The manager tells him that he’s looking for people who will work hard and show up on time. He asks Jack if he can do that.

Jack tells him he’s never had a job before. “I’m willing to give it my best try.”

The manager tells him he’s leery of anyone who has never worked before. “I’ve had a lot of people applying for this job, son,” he tells Jack, “Why should I hire you?”

Jack doesn’t know, so he tells the manager the only answer he can think of – the truth.

“Honestly, sir, I don’t know why you should pick me over anyone else, but I’m willing to do whatever it takes to learn.”

The manager tells Jack to come back Saturday for a test run. “You get one shot to prove yourself, don’t be late.”

On Saturday, Jack showed up early.

He got a new haircut the night before, and picked out clean clothes. His shirt is tucked in and he’s wearing a belt.

The manager greets him again. He tells him he’d like Jack to sweep the floor to start and points him to the back room where the brooms are kept.

Jack doesn’t wait for instructions. Jack races to the back room. He grabs the dust mop and he sets off around the store.

When he encounters guests, Jack politely waits for them to move.

One guest stopped Jack. “Sir, do you know which aisle I can find the grape jelly?”

Jack doesn’t know, so he tells her the only answer he can think of – the truth. “No, ma’am, I do not. But give me one second to find out and I’ll be right back.”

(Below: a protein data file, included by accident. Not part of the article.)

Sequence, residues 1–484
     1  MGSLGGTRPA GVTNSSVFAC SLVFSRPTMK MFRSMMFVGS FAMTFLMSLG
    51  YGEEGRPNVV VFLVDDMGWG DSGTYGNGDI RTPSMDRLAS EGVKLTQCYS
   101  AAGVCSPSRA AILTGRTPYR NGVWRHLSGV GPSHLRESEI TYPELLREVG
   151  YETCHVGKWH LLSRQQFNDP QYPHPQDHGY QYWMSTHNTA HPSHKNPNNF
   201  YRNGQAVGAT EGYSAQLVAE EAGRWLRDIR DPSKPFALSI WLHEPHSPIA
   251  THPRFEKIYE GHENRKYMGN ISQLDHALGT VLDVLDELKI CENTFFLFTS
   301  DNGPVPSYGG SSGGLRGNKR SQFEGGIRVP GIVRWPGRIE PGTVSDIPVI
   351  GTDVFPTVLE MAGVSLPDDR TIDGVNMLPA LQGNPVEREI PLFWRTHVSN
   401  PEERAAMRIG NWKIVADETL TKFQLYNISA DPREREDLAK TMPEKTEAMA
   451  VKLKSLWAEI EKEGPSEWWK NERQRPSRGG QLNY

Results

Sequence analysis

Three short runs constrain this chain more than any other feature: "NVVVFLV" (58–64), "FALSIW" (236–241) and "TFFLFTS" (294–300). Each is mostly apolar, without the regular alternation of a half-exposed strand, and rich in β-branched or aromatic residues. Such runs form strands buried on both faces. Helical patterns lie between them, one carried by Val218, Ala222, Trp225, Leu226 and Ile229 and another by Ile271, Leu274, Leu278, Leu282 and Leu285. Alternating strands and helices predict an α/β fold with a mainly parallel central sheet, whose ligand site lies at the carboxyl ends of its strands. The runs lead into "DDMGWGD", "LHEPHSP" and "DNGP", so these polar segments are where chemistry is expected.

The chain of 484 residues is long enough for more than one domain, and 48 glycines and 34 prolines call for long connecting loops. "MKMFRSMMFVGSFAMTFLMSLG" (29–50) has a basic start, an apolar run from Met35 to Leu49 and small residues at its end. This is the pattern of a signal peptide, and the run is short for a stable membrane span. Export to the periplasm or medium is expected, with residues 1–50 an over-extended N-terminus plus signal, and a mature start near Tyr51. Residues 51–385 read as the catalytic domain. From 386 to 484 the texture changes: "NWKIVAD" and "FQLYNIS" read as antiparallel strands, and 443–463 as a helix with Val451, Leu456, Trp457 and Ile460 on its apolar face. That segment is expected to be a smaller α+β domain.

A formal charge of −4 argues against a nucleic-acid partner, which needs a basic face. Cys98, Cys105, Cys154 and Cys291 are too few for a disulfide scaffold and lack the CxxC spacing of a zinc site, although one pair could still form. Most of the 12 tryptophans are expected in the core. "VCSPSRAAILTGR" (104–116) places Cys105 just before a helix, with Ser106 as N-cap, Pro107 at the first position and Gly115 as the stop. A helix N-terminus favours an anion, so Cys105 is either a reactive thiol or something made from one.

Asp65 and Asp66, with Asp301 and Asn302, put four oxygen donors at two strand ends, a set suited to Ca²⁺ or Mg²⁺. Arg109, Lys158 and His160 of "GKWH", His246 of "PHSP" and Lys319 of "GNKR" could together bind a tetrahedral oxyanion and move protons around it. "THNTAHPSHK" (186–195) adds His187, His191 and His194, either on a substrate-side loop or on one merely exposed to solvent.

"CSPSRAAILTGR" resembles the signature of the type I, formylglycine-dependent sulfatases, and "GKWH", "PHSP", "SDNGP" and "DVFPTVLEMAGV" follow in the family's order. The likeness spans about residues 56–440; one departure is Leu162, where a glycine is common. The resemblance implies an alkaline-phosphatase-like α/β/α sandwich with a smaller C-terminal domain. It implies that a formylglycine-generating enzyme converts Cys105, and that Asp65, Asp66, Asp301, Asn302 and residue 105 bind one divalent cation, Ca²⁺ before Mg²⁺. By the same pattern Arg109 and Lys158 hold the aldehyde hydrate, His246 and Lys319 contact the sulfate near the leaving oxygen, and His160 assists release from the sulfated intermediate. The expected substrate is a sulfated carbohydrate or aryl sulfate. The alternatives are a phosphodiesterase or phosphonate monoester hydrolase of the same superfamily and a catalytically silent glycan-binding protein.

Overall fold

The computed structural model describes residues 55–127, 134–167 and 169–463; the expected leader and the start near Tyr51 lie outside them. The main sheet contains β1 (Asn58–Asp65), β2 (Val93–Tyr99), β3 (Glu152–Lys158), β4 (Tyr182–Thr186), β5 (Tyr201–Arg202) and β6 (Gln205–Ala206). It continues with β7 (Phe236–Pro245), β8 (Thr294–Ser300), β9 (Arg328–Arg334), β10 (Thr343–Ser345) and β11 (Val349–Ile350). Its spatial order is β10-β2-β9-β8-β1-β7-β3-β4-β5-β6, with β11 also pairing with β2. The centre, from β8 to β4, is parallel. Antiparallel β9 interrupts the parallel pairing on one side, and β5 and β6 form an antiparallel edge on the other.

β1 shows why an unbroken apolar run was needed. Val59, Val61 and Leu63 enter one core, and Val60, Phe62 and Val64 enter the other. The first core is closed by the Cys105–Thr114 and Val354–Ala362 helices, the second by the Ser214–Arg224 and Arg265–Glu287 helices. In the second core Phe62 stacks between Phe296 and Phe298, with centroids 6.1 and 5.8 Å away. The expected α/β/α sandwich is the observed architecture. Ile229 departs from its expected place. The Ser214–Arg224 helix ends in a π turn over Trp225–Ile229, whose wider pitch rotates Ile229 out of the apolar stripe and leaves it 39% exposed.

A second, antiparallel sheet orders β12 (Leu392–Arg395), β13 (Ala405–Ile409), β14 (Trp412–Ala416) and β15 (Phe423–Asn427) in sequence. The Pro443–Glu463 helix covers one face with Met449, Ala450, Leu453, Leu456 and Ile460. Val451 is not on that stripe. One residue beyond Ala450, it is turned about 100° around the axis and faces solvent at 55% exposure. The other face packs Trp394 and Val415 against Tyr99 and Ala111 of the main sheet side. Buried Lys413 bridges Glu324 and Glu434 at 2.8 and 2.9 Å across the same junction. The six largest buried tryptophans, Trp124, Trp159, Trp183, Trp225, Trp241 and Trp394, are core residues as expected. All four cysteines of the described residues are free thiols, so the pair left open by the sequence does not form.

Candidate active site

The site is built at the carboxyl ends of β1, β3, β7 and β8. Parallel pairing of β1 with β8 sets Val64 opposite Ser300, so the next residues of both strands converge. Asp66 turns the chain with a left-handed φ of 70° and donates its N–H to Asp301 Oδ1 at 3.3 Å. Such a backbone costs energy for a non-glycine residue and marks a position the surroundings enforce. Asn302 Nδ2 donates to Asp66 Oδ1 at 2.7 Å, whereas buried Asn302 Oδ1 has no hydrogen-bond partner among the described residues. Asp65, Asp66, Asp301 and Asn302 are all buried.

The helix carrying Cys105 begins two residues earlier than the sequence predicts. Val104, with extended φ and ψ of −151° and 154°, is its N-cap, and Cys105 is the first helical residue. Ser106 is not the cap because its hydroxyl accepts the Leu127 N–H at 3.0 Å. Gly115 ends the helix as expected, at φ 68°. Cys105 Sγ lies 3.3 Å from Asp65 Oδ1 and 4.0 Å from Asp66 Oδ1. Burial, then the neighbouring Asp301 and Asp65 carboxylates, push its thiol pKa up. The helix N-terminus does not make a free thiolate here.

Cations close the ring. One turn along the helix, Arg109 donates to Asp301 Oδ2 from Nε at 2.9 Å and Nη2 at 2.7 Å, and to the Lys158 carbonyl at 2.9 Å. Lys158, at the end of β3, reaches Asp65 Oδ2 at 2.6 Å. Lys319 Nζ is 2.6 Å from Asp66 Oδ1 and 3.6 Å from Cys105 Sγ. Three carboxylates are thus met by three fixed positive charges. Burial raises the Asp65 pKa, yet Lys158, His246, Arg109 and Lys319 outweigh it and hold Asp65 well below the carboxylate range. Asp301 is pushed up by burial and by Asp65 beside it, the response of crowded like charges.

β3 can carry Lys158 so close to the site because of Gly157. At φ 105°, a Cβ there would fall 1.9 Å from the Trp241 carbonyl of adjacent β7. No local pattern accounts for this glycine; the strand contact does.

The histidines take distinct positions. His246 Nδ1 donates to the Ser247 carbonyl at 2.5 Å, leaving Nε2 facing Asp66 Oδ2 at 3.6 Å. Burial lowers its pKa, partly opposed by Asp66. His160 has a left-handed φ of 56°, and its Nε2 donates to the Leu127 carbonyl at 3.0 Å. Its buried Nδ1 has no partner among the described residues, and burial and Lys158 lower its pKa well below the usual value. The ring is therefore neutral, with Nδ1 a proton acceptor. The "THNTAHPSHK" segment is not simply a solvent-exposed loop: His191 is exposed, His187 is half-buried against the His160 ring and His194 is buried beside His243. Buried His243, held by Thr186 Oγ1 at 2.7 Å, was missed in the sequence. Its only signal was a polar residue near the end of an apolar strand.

Jack races to the front of the store, reading the signs as he moves. There, on aisle two, he spots it: “Condiments.” And he tears down the aisle, grabs a jar of Smucker’s Grape, and hurries back to the customer.

“Ma’am, I went ahead and grabbed you a jar, but the grape jelly is on aisle two, so you know next time.”

The customer smiles and accepts the jelly. She tells Jack how nice it is to meet such a polite young lad, and that she’d have to put in a nice word with his boss.

When the manager heard the customer’s story, he found Jack and told him he’d like to give him a shot.

Jack’s heart did cartwheels. He found a job! But he wanted to be sure why. So he asked.

“Sir, if you don’t mind me asking, what made you decide to take a chance on me? After all, I don’t have any skills.”

The manager told Jack he passed the test with flying colors.

“You told me the truth. You showed up on time. You jumped to get to work when you first got here. You wore a smile. You put the customer’s needs over your task at hand. You’re just the kind of person we want to teach.”

Jack beamed all the way home that day. He knew he had learned a valuable lesson.

Getting a job wasn’t as difficult as he first feared.